Ofgem’s warning: Energy bills set to get worse than last year for some

Jonathan Brearley has cautioned that, without government support, certain consumers should brace themselves for energy bills worsening compared to last year as winter approaches

As winter approaches, Brits are facing a harsh reality regarding their energy bills, with warnings that they could be just as high or even worse than last year.

Ofgem’s Chief Executive, Jonathan Brearley, delivered this sobering message while emphasising the energy industry’s commitment to safeguarding households.

Speaking before MPs, Mr Brearley noted that international energy markets are currently more stable compared to the turbulence of 2022 during the Ukraine war.

However, the boss of Ofgem cautioned that the absence of significant government support this winter is unlikely to provide any relief.

Mr Brearley said: “There is some positive news. The market is more stable, it is less volatile and prices are lower than this time last year.

“So, this time last year, we were anticipating and seeing prices at around £4,200 a year without government support. And last year, the government did step in to give tens of billions of pounds of support to customers.

“But there is a reality for customers this year – that support is not available. So, for many people, their bills will be very similar this year and possibly worse for some, than they were last year.”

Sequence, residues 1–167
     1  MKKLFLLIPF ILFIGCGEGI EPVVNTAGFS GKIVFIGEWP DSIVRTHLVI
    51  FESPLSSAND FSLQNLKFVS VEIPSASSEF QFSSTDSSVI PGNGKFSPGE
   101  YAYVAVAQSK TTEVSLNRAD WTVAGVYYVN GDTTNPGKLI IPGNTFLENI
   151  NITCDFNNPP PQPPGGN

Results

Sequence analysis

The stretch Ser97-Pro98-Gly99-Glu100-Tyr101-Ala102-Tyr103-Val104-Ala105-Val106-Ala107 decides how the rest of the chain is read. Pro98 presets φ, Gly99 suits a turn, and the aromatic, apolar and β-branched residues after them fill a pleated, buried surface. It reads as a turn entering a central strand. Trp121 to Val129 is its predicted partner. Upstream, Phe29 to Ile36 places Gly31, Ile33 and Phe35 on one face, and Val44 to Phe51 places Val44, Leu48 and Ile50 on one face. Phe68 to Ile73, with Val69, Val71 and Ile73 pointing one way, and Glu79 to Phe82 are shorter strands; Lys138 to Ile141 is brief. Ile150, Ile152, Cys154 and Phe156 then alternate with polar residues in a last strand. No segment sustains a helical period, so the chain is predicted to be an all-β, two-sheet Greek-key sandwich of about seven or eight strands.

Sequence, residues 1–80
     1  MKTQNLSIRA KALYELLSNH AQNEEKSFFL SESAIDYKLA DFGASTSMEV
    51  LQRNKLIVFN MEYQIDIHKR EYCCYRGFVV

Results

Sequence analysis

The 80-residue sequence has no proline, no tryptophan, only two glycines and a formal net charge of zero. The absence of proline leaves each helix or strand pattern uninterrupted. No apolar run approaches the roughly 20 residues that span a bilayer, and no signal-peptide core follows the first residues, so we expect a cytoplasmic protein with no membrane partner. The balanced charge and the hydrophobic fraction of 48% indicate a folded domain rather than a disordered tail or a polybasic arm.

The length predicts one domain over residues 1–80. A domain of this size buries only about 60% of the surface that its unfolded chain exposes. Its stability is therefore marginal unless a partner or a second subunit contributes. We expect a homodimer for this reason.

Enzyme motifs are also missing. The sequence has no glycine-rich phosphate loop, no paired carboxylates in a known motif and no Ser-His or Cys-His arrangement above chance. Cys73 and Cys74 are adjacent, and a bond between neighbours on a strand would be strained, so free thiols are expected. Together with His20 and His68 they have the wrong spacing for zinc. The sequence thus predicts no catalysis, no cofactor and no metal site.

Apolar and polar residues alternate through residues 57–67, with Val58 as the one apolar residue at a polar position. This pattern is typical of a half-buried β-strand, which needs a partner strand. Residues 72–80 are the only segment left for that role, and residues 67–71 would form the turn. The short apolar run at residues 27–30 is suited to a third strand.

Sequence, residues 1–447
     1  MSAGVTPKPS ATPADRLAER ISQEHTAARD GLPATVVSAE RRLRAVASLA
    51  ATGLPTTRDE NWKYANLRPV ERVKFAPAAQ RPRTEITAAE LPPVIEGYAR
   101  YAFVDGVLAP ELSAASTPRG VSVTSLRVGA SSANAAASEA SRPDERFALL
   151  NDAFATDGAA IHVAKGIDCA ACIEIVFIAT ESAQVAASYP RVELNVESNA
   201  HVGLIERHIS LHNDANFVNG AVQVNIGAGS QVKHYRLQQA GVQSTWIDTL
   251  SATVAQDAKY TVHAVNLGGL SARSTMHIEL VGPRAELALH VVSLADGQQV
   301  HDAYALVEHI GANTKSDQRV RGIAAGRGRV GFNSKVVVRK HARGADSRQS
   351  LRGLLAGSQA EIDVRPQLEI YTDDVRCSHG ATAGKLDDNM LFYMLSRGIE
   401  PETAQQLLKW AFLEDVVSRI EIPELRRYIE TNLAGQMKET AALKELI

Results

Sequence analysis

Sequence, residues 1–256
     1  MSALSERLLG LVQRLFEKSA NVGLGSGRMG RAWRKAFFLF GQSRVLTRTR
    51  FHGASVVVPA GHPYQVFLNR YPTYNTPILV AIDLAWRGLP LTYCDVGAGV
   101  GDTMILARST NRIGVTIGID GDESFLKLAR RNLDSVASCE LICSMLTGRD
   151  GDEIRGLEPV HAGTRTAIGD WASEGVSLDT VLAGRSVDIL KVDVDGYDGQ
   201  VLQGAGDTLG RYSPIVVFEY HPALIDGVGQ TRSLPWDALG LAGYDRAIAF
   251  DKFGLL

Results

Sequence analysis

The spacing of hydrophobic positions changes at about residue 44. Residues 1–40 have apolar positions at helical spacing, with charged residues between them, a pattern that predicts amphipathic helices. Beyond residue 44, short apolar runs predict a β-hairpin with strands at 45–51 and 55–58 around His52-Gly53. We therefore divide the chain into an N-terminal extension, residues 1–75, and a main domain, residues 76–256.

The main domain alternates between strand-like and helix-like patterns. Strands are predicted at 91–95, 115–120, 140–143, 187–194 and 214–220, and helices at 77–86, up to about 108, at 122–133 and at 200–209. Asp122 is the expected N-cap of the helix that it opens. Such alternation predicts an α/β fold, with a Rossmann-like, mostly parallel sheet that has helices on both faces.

“So what that means for me is that Ofgem, government, the industry and consumer groups need to be fully focused on the needs of customers, particularly the most vulnerable.”

During a session at the Commons Energy Security and Net Zero Committee, Jonathan Brearley, head of Ofgem, expressed his awareness of the hardships faced by vulnerable customers in the previous year and predicted similar challenges this year.

To address these issues, Mr Brearly outlined three key areas of focus.

Firstly, he emphasised the need for improved consumer standards, introducing a new framework to drive better and more responsive services.

Additionally, enhanced protections for the most vulnerable, including ensuring full repayment plans and access to information and advice.

Mr Brearley also announced that the prepayment meter code of conduct would be regulated, with stricter criteria to prevent the forcible installation of prepayment meters for households with children under two or residents aged 75 and older.

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